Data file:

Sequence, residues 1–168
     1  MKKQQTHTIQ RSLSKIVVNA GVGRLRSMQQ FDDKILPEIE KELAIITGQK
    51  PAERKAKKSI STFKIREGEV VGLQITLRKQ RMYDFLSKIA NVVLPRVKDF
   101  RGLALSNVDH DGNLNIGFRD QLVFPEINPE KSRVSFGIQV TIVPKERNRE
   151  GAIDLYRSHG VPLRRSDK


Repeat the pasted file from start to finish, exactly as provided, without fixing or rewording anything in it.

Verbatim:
Sequence, residues 1–168
     1  MKKQQTHTIQ RSLSKIVVNA GVGRLRSMQQ FDDKILPEIE KELAIITGQK
    51  PAERKAKKSI STFKIREGEV VGLQITLRKQ RMYDFLSKIA NVVLPRVKDF
   101  RGLALSNVDH DGNLNIGFRD QLVFPEINPE KSRVSFGIQV TIVPKERNRE
   151  GAIDLYRSHG VPLRRSDK